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FRONT PAGE HEADLINE SUNDAY, FEBRUARY 3, 1991

By Amy Woods
Citizen Staff Writer

If the clock could be turned back 20 years to a September day in Key West, locals would have just heard the news of a jail break by a well known hippie named Hume Ronald Kumpf.
"Search fails to get hippie back to jail," screamed the headline in the Sept. 16, 1970 edition of the Key West Citizen.
Kumpf, known to his friends as "Matchbox", eluded law enforcement officals by swimming to Christmas Tree Island and hiding out with the other denizens of the offshore hippie colony.
To date, Kumpf remains at large. He was never tried on the drug charges that landed him in Monroe County Jail 20 years ago.
Apparently, all charges against the 29-year-old Hume Ronald Kumpf were dropped in Monroe County, and all records have disappeared.
Maybe that's beacause Hume Ronald Kumpf no longer exists.
Looking into the eyes of the alledged criminal's mug shot, one can see that the face belongs to Ron Carter, an outspoken, bald-headed, mustachioed ex-Navy man who gained local popularity as the "Noodle Man" at Key West's nightly sunset celebration at Mallory Square.
Carter wants this skeleton out of the closet.
"I don't know what's going to come down after I announce this to the world," he says. "I have people that still call me Matchbox from when they knew me in the 1970's, but I'm still a little paranoid about it."
Carter says that last year he considered turning himself in for his escape. But his attorney said the charges had been dropped and the book had been closed.
"She said there was no record and you couldn't turn yourself in if you wanted to," Carter said. "That means I'm a free man".
Carter no longer sells noodles at sunset, but instead puts his distinctive baritone voice to use by hawking customers on Duval Street for a downtown restaurant.
He describes himself now as "very happy, very satisfied."

But that wasn't the case when Carter was sitting in the concrete jail cell on Whitehead Street. He said he had no other choice but to escape.
"I hated jail so much that I became suicidal," Carter said. "It was driving me crazy."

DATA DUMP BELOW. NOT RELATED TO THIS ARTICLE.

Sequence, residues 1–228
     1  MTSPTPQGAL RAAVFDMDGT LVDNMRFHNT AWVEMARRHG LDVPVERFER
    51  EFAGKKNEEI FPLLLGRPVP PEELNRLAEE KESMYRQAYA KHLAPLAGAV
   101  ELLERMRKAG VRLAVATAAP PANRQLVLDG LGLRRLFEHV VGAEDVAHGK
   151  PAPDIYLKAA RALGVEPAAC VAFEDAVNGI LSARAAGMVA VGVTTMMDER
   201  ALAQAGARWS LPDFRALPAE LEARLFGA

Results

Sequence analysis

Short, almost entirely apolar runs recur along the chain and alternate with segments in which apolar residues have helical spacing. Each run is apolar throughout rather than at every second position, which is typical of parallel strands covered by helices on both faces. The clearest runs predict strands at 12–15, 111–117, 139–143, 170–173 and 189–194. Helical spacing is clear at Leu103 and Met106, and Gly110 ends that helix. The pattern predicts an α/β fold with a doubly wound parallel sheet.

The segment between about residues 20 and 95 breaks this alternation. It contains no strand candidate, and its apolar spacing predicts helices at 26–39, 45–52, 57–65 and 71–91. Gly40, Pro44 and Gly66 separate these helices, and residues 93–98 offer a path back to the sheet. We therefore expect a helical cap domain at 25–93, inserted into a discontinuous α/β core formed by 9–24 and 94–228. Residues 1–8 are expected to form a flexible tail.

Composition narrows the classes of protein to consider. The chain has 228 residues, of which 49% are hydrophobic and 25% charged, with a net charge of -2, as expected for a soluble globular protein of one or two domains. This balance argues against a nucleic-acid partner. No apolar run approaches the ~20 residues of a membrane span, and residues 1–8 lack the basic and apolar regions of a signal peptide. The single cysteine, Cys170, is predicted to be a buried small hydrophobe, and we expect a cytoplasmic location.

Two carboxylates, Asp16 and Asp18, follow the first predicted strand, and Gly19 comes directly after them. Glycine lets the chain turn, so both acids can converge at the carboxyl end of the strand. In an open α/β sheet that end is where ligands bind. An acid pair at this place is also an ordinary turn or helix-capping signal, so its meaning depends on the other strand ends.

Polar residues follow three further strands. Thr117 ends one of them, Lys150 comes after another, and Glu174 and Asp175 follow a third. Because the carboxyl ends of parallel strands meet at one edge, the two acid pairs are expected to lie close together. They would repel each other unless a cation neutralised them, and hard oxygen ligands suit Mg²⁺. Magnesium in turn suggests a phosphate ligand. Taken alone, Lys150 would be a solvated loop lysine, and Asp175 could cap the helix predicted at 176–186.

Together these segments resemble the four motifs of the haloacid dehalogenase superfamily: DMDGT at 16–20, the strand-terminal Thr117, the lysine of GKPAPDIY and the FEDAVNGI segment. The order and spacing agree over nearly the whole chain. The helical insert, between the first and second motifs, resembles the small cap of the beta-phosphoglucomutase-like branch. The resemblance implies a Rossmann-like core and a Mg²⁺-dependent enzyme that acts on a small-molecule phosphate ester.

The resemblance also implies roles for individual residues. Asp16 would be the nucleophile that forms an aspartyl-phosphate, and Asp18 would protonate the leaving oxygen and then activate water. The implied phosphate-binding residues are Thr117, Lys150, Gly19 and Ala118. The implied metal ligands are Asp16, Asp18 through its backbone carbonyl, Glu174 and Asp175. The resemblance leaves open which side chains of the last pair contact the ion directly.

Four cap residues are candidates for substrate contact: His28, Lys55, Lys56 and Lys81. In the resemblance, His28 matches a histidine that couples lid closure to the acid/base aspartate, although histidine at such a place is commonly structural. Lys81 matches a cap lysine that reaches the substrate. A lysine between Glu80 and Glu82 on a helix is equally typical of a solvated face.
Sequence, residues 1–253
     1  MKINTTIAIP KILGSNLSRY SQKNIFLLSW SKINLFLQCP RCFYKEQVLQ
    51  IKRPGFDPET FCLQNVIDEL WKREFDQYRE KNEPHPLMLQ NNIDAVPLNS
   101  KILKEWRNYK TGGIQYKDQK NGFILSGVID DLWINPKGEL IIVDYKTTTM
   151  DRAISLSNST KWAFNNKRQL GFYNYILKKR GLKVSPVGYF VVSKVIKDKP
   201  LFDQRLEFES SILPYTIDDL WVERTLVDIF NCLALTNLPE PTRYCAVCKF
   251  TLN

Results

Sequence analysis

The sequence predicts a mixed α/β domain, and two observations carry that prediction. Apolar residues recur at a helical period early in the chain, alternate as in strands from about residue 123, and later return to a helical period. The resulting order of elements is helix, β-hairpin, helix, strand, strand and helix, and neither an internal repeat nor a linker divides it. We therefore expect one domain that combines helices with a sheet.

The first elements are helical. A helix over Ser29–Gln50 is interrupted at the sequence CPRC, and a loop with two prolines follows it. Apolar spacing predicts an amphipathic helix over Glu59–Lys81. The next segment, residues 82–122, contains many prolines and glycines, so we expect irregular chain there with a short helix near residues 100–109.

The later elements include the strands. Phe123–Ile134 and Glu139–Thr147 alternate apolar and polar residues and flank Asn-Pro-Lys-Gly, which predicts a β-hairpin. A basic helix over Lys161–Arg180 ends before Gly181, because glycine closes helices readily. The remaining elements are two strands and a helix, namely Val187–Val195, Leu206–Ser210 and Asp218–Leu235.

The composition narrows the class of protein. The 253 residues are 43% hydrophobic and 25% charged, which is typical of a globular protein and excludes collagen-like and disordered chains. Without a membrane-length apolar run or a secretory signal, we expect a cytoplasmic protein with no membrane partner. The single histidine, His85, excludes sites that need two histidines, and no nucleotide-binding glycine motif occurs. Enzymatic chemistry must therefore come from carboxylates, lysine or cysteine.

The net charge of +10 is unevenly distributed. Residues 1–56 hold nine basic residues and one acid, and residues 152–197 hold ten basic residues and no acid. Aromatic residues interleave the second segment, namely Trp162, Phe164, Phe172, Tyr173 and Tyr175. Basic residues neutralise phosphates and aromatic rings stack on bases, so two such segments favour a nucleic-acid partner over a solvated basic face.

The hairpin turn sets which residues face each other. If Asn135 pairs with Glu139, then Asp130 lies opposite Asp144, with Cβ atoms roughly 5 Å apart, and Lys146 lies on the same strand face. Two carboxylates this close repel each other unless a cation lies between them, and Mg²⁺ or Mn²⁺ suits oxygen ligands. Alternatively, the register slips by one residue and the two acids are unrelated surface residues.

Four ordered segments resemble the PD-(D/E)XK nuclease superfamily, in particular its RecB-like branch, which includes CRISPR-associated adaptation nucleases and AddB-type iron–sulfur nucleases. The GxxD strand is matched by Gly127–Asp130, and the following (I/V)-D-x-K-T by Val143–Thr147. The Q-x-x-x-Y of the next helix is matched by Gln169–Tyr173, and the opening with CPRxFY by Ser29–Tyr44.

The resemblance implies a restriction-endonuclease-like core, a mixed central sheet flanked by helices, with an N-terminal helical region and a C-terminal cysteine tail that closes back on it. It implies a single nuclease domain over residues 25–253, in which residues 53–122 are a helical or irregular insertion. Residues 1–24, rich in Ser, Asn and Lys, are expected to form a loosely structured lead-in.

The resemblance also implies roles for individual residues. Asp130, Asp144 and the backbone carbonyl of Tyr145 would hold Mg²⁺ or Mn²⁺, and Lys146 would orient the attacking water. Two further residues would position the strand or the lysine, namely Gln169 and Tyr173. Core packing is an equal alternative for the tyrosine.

"The county jail was ringed by gun-toting police and sheriff's men as they searched and played spotlights in dark corners looking for the elusive Matchbox," an article in the Citizen said.
The investigation was unsuccessful. And efforts to locate the suspect on Christmas Tree Island failed, as Kumpf smartly swam out in the ocean and hid on a derelict vessel.
He eventually swam ashore and found solace at a friend's house. When things calmed down, Kumpf left Key West for stints in New York, California, and Miami.
When he returned to Key West in the 1980's he opened up his noodle cart and sold pasta during sunset.
Born in New Jersey in 1941, Kumpf arrived in Key West in 1962 when the U.S. Navy stationed him here during the Cuban Missile Crisis. Kumpf remained on the island for six months, then moved to Washington, D.C.
In 1964 he was discharged from the Navy. He returned to Key West five years later, and the nickname "Matchbox" was bestowed upon him by his marijuana-smoking friends.
"I used to stuff pot in little matchboxes and sell them to people," he explains. "That's how I made my money."
Carter will turn 50 this year. As for the future he says he'd like to get involved in local politics.
A frequent speaker at city meetings and the author of numerous letters to local publications, Carter says he'd like to stage a campaign for city commissioner.
His platform? "The legalization of all drugs."


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